It's taking the most efficient energy and material converting processes on the planet - living systems, and arranging them to best serve our needs.

By returning sufficient organic material to the system, it builds resilience and increases yield with only the fertilization the system naturally provides.


I've fallen into the same trap I was hoping to avoid - telling people about the science instead of showing people the money.

In order for this "better" way to farm to be adopted, a number of options are open.

1) through force and coercion - people mount bloody revolutions or get their governments to enact policies that require better farming practices.

Not super likely.

2) grassroots activism and education - by spreading the good word, greenies enlist support and win over people to their cause

Generational - it's perhaps 'happening', but slowly

3) Money - Permaculture and regenerative organic farmers open their books and show the world how profitable smart farming can be.

While some of 1 may unfortunately occur, and some of 2 is to be applauded, "liked" and "shared" until our slacktivist clicking fingers are calloused and bloody, 3 - to me - is what could turn another "good idea" into reality.

If we can demonstrate, through audited financial statements showing yields per investment of time and money, that Smart Farming is better - everyone will jump on board.

If we can show small hold farmers all over the world that current industrial methods are expensive and impoverish the soil, while ecologically sound farming is cheap and produces greater yields, well then we're off to the races.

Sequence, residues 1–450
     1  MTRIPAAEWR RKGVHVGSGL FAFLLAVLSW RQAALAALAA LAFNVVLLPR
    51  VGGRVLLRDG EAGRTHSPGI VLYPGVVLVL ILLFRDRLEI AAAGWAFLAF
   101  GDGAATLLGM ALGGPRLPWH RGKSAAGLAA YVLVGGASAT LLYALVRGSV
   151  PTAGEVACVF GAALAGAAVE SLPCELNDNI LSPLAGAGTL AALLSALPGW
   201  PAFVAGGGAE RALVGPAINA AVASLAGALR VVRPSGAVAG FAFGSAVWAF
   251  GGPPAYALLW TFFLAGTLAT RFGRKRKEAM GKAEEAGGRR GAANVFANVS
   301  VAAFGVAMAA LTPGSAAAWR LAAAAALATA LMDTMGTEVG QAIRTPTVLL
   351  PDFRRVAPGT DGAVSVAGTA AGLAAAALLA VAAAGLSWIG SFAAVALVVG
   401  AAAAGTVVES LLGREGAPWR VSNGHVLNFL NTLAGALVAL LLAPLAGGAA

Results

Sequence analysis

And I think this is the way forward.

As long as permaculture remains something we "should" do, or "could" do because it is "better" - it requires individuals to exert themselves to do it - either willingly, out of conviction, or reluctantly because they are coerced to do so.

But if the business case can be made - under current legislative regimes as overturning vested industrial agricultural interests will take some doing, then people will adopt these practices in droves.

It's a lot like exercise, eating healthily, tracking your budget. We can "know" they're good for us, but until we experience it for ourselves or see their positive impacts directly in others, it's just more shit we ought to do. Governments and proselytizers can encourage us, but the cheapest positive action is the one we take freely by ourselves.

So smart farmers - open your books, and show the world the "green" way forward.